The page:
Please also note, that many of these awards also come with a financial prize as well as the award itself.  More information can be found on our web page at: http://www.apadivisions.org/division-49/awards/index.aspx. The awards are:

Professionals

  • The Arthur Teicher Group Psychologist of the Year Award
  • Award for Outstanding Professional Contribution to Diversity in Group Psychology or Group Psychotherapy
  • Excellence in Teaching of Group Dynamics
  • Excellence in Group Practice
  • Division 49 research grant
  • APF/Division 49 grants

Students

  • The Student award for outstanding contribution to diversity in group psychology or group psychotherapy
  • Student travel awards for the APA Convention
  • Student Poster Awards for the APA Convention

Send your nominations to: division49awards@gmail.com

Nomination Process:

To submit a nomination, the following is required:

  • A letter from the nominee that describes and illustrates the individual/agency/organization’s commitment to group intervention (e.g., nature of the nominee’s commitment, commitment to supervision and training, use of research or best practices to enhance group services, etc.). The letter should be no more than three pages long.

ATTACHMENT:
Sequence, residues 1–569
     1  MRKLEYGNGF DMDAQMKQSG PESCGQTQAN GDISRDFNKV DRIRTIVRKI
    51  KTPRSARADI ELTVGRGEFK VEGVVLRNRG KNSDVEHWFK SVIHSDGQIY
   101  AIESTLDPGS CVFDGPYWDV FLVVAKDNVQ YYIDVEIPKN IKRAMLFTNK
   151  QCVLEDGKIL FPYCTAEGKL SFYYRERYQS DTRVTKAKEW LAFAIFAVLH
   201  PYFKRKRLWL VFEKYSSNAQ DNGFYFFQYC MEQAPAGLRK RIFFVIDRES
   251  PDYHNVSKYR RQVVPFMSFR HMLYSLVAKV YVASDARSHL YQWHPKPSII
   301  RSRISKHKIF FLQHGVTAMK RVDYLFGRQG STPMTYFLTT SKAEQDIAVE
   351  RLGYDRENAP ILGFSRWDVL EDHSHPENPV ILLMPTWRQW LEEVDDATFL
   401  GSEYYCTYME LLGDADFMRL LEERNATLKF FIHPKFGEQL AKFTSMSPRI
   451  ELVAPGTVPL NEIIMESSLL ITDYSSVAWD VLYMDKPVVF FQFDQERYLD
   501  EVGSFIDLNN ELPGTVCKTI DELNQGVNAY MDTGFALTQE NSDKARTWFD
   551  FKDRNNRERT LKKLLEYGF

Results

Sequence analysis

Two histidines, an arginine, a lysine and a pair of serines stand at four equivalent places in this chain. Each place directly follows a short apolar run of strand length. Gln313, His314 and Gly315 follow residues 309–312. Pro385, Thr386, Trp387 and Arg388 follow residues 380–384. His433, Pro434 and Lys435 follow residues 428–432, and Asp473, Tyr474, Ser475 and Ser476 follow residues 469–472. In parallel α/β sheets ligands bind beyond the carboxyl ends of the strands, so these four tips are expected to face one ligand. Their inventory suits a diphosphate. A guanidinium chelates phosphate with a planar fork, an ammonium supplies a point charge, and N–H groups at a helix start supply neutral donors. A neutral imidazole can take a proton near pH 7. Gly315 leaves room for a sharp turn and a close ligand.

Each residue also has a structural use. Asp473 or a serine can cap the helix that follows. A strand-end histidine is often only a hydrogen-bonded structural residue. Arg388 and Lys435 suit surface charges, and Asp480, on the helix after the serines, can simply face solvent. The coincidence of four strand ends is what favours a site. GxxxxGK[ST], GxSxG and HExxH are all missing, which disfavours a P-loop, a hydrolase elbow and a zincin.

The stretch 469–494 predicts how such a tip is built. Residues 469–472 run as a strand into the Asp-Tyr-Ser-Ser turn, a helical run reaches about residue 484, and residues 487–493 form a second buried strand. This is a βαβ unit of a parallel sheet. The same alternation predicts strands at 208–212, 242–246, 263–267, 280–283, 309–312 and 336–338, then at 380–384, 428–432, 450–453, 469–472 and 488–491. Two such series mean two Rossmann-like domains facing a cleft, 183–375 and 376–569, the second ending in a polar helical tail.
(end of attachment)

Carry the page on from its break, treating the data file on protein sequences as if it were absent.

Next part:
• Three letters of support from individuals familiar with the nominee’s group psychotherapy practices (these letters can be from current or past employees, a collaborating partner or agency, or members of a Board of Directors, etc.).
  • Copy of current CV.
  • All materials should be submitted via a zipped/compressed folder in one email with the following subject line: [Candidate’s First and Last Name] – Application for Group Dynamics Teaching Award. For example, DIANA PRINCE – APPLICATION FOR PRACTICE AWARD.zip.

All submissions must be received by May 1, 2018 to be considered.

Thanks for taking the time to do this!  It means a lot to our field to recognize and celebrate the hard work and dedication that these awards highlight.